Home » Final phase of combustive White House race, Scholz’s Wirecard moment of fracture, and more

Final phase of combustive White House race, Scholz’s Wirecard moment of fracture, and more

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Final phase of combustive White House race, Scholz’s Wirecard moment of fracture, and more

THE WEEKEND REVIEW – OMFIF

Latest opinion and analysis from OMFIF around the world

31 August-4 September 2020, Vol.11 Ed.34

Most-Read Commentary

Final phase of combustive White House race: The race for the White House is entering its final phase and the pivotal presidential debates are weeks away. On balance, it looks like the Republican national convention swayed more voters. Democratic nominee Joe Biden failed to get the traditional convention bounce, whereas President Donald Trump has narrowed his opponent’s lead. This year’s campaign is particularly combustive. Any number of unexpected events could shift it in one direction or the other, writes Darrell Delamaide.

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Podcast

Ahead of the ECB: Lars Feld, chair of the German Council of Economic Experts, and Geoff Yu, foreign exchange and macro strategist for Europe, Middle East and Africa at BNY Mellon Markets, join OMFIF’s Ellie Groves to talk about inflation targets and the economic outlook for the euro area, and how these will impact fiscal and monetary policy. Listen to the recording.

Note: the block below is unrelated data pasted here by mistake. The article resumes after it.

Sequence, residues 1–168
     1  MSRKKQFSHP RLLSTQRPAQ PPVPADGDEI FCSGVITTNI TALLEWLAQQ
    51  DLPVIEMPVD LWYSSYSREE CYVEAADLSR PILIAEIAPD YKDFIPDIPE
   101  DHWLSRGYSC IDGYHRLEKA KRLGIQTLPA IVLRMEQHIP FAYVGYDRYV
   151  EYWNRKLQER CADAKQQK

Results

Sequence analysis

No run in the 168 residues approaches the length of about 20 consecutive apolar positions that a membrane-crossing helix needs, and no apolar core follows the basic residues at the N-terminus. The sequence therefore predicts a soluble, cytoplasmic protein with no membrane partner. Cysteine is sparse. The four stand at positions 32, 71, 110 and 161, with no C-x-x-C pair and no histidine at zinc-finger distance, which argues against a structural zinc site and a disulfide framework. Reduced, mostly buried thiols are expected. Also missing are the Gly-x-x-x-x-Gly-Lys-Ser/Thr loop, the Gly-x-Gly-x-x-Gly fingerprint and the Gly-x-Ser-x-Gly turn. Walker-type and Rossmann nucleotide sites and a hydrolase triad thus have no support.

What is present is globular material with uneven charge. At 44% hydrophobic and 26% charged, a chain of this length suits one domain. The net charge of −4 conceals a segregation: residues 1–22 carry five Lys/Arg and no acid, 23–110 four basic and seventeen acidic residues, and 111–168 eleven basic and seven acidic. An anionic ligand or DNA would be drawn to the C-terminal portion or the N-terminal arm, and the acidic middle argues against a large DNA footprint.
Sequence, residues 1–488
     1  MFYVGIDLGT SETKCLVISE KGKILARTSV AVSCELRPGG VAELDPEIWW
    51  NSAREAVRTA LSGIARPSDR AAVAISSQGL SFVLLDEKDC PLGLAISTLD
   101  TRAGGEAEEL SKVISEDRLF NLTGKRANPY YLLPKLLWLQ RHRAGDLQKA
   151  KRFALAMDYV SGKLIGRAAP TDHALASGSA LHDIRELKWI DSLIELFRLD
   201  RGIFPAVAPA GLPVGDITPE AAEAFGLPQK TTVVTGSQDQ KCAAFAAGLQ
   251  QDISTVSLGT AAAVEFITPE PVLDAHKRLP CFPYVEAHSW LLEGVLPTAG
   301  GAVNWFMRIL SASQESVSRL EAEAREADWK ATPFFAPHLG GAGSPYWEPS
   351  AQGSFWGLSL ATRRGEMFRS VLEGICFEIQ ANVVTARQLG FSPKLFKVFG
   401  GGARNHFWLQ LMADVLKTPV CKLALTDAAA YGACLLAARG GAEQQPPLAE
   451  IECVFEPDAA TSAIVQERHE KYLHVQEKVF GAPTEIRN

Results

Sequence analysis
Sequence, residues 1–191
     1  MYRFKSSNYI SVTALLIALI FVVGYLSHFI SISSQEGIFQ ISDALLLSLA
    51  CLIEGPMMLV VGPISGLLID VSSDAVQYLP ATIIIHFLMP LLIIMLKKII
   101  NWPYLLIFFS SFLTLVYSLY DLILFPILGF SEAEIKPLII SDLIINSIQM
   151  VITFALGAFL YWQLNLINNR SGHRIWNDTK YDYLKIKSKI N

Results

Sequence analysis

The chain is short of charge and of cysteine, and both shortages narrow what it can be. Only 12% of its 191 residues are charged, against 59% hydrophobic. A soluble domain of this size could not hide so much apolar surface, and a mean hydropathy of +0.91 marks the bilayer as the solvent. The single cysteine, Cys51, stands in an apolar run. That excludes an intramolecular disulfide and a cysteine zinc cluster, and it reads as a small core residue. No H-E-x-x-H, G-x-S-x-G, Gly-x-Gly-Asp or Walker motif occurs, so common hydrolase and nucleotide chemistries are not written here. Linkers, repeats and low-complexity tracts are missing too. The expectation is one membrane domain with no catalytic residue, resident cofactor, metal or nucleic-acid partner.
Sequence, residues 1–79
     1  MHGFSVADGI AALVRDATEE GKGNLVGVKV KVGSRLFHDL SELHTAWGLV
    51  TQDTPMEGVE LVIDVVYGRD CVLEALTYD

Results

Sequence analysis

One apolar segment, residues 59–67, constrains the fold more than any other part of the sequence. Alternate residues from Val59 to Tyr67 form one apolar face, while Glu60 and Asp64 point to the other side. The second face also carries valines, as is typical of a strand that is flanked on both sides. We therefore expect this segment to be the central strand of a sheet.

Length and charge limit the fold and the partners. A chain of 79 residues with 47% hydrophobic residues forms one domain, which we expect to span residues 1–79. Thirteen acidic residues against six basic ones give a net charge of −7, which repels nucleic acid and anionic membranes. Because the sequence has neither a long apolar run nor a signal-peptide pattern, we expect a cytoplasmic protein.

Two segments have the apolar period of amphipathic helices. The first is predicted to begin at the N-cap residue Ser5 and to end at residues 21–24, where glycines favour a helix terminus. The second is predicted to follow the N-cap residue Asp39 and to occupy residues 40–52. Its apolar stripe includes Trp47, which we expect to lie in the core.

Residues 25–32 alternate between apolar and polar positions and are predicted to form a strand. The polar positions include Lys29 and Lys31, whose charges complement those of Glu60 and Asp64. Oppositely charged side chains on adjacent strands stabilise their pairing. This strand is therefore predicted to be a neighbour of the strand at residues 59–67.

Podcast

Diving into US investment grade bond markets: James Blair, investment director of fixed income at Capital Group, joins OMFIF’s Pierre Ortlieb to talk about the state of US investment-grade bond markets. They discuss how these markets have performed during the Covid-19 crisis, what central bank policy innovation means for corporate bonds and more. Listen to the recording.

Commentary

Scholz’s Wirecard moment of fracture: The announcement of an inquiry into bankrupt payments firm Wirecard greatly complicates German Finance Minister Olaf Scholz’s bid for chancellorship in the 2021 general election. For three reasons, the Bundestag probe represents a crucial test – for Scholz, and for Germany, writes David Marsh. Read more.

Commentary

Abe’s successor has work to do: On 28 August, Shinzō Abe, Japan’s longest-serving prime minister, announced his resignation due to deteriorating health. The departing leader is known for ‘Abenomics’, launched in 2012 in an attempt to energise Japan’s economy. Abenomics is still work in progress, writes Sayuri Shirai. Read More.

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